Climate advocates say subsidized prices can encourage coastal habitation in areas increasingly exposed to sea-level rise and flooding.

"Congress requires FEMA to give breaks and discounts on flood insurance based on factors that have nothing to do with how likely a flood may be, or the owner’s ability to pay actuarial rates for flood insurance," Rob Moore, a senior water policy analyst with the Natural Resources Defense Council, said in an email. "Quite the contrary. Over the years Congress made flood insurance cheaper for a lot of properties that are likely to be flooded. It’s no surprise the program is $23 billion in the hole."

The report suggests that the NFIP should begin the long process of collecting that information. The next step would be to construct a microsimulation computer model, which could be used to quickly determine how tweaks to insurance pricing would affect the pocketbook of policyholders.

That might have major implications for a program that has never considered the level of wealth of its policyholders. If such a model were created, the program would know, for example, how many wealthy property owners are receiving discounted insurance. That’s a mystery right now.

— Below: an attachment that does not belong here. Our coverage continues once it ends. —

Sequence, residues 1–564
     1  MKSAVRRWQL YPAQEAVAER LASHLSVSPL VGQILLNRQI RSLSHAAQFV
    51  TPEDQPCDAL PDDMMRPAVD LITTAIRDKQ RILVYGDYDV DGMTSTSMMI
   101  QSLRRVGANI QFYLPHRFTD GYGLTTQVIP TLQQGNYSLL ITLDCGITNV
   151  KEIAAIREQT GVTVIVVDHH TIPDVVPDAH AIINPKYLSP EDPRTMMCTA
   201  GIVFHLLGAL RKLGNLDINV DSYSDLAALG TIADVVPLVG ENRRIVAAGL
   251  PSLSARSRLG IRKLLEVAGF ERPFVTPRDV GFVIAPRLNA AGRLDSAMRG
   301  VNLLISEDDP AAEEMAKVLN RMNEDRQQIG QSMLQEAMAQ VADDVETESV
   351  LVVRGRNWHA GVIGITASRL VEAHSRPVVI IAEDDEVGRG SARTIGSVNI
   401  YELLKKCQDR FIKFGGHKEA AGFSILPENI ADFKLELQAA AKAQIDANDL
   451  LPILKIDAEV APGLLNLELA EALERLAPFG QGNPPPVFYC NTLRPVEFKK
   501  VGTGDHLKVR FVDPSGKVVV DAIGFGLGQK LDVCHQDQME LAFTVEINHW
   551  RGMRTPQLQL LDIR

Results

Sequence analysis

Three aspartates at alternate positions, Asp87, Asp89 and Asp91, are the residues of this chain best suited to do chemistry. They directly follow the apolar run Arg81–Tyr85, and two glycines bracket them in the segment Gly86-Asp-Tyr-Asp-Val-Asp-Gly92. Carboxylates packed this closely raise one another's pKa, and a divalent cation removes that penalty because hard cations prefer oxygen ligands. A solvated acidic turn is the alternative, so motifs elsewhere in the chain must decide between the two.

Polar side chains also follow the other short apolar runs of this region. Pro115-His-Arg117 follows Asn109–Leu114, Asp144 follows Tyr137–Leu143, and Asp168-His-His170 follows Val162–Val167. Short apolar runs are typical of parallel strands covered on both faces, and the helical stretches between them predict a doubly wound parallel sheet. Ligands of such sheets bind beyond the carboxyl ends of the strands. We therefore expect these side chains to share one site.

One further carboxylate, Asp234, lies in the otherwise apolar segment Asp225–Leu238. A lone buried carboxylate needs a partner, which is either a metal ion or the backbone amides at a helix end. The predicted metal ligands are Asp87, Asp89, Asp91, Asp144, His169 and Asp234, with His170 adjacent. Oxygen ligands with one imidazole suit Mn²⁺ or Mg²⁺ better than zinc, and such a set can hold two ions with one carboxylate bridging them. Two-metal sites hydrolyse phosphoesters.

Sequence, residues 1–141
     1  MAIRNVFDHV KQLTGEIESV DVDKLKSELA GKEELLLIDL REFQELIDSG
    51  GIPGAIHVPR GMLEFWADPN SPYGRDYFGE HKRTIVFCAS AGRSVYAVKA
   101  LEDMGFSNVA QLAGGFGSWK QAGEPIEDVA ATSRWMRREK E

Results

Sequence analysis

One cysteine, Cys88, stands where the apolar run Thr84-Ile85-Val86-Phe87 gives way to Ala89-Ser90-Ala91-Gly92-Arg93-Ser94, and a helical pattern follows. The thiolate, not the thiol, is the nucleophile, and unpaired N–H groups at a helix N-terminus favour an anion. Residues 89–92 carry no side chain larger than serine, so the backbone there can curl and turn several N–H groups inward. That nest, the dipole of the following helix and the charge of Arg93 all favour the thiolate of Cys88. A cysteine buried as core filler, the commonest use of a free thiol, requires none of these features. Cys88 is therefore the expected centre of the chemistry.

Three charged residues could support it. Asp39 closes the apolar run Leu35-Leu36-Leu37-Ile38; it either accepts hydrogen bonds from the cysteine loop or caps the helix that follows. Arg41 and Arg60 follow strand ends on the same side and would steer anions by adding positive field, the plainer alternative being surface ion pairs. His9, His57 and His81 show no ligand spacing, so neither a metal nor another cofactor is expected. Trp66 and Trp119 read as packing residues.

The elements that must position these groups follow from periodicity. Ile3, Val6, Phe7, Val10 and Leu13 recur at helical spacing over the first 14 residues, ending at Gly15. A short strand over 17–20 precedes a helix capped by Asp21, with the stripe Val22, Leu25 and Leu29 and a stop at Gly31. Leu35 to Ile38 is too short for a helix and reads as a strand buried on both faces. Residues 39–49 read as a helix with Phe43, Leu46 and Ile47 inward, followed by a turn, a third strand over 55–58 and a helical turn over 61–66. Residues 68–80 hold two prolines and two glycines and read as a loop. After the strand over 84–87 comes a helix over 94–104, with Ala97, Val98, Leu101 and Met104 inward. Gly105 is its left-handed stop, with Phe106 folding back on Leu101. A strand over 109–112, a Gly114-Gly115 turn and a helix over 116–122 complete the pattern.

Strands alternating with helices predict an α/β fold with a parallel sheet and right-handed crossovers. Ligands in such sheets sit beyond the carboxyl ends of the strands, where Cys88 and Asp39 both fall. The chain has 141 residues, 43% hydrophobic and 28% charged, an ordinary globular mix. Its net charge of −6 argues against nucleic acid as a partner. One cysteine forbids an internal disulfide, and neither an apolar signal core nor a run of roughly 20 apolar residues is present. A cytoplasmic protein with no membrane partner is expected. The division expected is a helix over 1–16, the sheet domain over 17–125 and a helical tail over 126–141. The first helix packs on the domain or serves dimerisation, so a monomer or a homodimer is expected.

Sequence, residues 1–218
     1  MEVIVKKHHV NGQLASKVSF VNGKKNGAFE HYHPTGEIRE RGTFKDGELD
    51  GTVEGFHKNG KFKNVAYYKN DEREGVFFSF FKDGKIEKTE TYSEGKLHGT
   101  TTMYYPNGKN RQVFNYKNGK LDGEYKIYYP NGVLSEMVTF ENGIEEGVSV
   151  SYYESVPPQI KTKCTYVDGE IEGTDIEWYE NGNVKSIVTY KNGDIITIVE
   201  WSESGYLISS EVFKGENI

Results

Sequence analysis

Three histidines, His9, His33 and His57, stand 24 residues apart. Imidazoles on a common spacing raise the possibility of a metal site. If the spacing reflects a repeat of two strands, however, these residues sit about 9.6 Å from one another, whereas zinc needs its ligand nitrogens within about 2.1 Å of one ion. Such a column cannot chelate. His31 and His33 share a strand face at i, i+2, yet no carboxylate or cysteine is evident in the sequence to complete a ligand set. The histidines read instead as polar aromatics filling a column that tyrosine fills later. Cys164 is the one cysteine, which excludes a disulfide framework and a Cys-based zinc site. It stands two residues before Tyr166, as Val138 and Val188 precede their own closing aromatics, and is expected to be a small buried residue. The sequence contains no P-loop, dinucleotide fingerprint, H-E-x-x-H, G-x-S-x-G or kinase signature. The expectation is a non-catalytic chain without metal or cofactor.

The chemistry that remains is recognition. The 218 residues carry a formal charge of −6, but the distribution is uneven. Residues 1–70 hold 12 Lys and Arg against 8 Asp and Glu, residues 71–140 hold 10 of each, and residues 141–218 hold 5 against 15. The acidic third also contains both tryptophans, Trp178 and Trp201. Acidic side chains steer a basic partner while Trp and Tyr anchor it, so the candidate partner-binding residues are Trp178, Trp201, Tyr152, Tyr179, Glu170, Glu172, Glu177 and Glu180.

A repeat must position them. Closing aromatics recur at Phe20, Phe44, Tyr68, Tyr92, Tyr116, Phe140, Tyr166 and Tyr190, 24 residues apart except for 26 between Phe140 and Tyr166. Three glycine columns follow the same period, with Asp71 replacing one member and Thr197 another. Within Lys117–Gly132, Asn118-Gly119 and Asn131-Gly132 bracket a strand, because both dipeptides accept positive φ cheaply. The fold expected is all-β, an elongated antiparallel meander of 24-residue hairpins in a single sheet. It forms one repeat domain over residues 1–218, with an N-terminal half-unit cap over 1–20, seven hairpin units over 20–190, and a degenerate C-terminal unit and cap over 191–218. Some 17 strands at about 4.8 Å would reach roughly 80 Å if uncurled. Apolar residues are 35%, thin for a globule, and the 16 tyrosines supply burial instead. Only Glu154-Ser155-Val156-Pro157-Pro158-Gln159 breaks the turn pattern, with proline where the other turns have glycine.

Controls that could help

That could give Congress valuable information. Lawmakers could tailor the program to help people who earn a certain amount, or whose homes are valued at a specific level.

"You could see — I’m exaggerating to make a point — how many $10 million properties were getting discounted rates and … how many people living in mobile homes in the South or whatever were getting the discounted rate. And they may tell you something," Shabman said.

"The question that FEMA can’t answer right now is what’s the distribution of that [wealth]," he added. "And if you knew the distribution of that, then the Congress could say to FEMA … nobody in this category is going to receive assistance."

Susan Hendrick, a FEMA spokeswoman, said the agency is reviewing the report.

"We commend the Academy for their work and look forward to using information from this study to help inform our work to better protect Americans from the most common and costly disaster we face in America," she said in an email.

The program plunged into debt after Hurricane Katrina 10 years ago and, more recently, after Superstorm Sandy in 2012. Since then, Congress has sought detailed information about its policyholders as lawmakers consider legislation to reform the program.

This summer, a separate report found that FEMA doesn’t know the elevation of 750,000 homes receiving discounts. The program uses the height of a home’s first floor to help establish the price of insurance and understand the likelihood of it flooding (ClimateWire, July 2).

The National Academy of Sciences’ report released on Friday follows its initial study on affordability in March. The springtime document suggested that FEMA could incorporate means testing into its program. It points to home construction loans and grants, premium vouchers, and the use of higher deductibles as potential ways to keep the cost of coverage down (ClimateWire, March 27).

Most of the options would be tied to the income level of policyholders.